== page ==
Now, it turns out that it is the first time I’m teaching this particular course, but the behavior isn’t really linked to that; I’ve been teaching first-year composition since 2004, and I reason out my decisions in front of my FYC students all the time. In fact, the longer I’ve been teaching, the more I’ve been doing it. So I explained to my students, even as I conceded that prior faculty evaluations of my teaching have also remarked on the thinking aloud as a possible sign of lapsing confidence. And in response to both students and faculty observers, I’ve been a bit defensive of my behavior: Why should students be shielded from the tools I use to make decisions? Aren’t we trying to train them to be like us (whatever that means, and however problematic some versions of that might be)? Isn’t it a better version of “doing what the teacher wants” if they try to justify their own behaviors using rationales that they’ll know I find convincing? Wasn’t I being a role model here?
Maybe. I’m not sure. I mean, I haven’t exactly stopped mentioning some of the options we’re not pursuing, or providing my reasons for choosing what we are. But the gift certificate situation has gotten me thinking: what if transparency in the classroom, like transparency in gift-giving, destroys an illusion that’s needed for classrooms to work? Maybe what makes my students uncomfortable isn’t the realization that teachers are only human – by the time you hit college, if you’re still idolizing your teachers, you’re either shockingly lucky or shockingly naive – but rather the way in which that realization is being thrust in their faces. We know that gift-giving is, in effect, pushing the same money around; it’s how we know how much to spend on people. (What’d we get from them last year? Okay, then.) But there’s still something gained by pretending otherwise – when we put the time and energy into showing that we care about the specifics of the gift, we can enjoy the relationship-building value of that demonstration, and suppress our awareness of the extent to which it’s “merely” a performance. Something similar could be at work in the teacher-student relationship: by performing authority for students, we enable them to enjoy the role of novice that enables them to learn (cf. Sommers and Saltz). Treating them like equals might lead to disillusionment with the entire power structure, which is problematic not only for us, but for them.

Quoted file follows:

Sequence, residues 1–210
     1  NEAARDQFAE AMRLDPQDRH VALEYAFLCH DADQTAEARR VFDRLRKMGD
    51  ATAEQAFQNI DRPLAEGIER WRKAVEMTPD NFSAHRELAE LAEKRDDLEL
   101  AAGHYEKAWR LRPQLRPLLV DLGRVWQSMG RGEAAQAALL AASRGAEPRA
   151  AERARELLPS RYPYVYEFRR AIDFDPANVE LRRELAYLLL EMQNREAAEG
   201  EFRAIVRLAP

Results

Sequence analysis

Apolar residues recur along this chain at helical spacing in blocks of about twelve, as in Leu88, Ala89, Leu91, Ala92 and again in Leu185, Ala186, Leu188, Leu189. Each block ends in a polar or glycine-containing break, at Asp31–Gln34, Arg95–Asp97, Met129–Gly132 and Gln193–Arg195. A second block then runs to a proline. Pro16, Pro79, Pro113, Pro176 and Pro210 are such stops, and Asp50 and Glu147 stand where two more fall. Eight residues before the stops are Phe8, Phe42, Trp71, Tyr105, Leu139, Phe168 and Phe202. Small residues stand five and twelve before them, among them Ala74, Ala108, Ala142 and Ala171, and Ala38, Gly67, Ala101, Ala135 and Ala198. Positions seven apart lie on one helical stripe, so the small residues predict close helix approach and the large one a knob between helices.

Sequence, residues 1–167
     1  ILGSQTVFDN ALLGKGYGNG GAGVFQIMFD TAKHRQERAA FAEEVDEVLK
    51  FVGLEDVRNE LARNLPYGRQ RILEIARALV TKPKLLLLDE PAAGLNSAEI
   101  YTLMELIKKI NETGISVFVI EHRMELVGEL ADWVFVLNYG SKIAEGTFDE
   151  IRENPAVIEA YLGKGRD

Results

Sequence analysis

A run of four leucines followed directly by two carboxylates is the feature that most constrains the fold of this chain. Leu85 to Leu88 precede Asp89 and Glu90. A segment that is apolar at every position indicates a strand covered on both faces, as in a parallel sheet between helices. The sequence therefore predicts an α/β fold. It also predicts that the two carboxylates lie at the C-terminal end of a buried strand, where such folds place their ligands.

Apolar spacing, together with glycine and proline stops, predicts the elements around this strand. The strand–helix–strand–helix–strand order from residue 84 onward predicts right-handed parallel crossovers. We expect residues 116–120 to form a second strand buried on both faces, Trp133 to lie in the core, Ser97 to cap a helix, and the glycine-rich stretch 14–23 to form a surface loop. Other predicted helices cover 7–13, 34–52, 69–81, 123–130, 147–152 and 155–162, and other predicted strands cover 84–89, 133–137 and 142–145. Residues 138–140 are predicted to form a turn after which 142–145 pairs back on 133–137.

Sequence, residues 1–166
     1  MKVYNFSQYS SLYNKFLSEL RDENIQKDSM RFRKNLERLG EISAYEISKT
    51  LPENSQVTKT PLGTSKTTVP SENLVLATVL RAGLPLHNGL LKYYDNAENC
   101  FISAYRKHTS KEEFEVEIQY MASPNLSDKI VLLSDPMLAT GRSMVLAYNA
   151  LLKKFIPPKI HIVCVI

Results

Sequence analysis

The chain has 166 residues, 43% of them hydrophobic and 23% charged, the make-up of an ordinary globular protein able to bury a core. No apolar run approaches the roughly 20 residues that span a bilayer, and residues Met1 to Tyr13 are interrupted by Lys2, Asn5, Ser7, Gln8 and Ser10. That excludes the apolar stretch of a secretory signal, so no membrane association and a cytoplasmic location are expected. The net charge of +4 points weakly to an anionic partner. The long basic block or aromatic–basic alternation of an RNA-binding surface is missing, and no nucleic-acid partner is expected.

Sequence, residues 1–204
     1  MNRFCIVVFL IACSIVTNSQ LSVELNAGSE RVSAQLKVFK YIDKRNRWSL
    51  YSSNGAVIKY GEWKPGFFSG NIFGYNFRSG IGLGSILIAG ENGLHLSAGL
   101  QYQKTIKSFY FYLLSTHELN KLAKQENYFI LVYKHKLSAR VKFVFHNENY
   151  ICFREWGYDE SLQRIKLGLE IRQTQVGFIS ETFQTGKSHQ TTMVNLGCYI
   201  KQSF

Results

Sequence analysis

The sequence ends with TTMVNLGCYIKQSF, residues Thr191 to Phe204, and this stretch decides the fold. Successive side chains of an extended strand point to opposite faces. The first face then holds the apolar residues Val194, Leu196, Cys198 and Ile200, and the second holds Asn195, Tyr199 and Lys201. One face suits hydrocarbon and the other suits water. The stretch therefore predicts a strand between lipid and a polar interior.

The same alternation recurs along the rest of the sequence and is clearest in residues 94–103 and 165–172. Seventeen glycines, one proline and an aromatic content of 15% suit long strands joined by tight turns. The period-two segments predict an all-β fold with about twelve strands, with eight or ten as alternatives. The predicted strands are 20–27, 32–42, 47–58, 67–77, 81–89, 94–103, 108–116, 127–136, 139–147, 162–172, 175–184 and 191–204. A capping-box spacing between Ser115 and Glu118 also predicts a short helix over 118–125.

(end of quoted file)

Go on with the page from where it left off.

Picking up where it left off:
In writing that last sentence, I realize with a bit of a shock that I’m actually arguing against critical pedagogy, and from a very consumerist capitalist place. My inner socialist (descended from socialist ancestors) is feeling kind of appalled. But my inner physicist keeps making metaphors to heat engines and the importance of energy gradients.
As with so many things, I suspect this comes down to a balance, or at least to a dialectic alternation that we wouldn’t want to collapse: at times, maybe even most times, we may need to perform our authority; at others – perhaps at moments of completion? – we may need to perform as still learning. I’m still learning to sense the right moment, the kairos, for each of these crucial behaviors, and I suspect I will always need to learn that, and differently with each different group of students.
But here’s hoping I learn to pretend to know, soon.
 For me the triggering puzzle was a choir conductor declaring things like “We’re 13 minutes behind!” The specificity was suspicious. Now, though, I think I get it.
I didn’t realize that until just now, as I was writing it. Huh. Does this reflect a simple growth in the number of options I’m aware of, as I accumulate years of experience? Or is it that as I mature as a teacher, I’m less likely to believe that all teachers just “already know how to do things”? Or maybe I’m just afraid that I’ll settle into a rhythm of teaching the same course, semester after semester? (Hasn’t happened yet – in fact, my wife keeps asking why I keep reinventing the course every term, with new readings. Like Gandhi, I keep answering: because this year I know better.)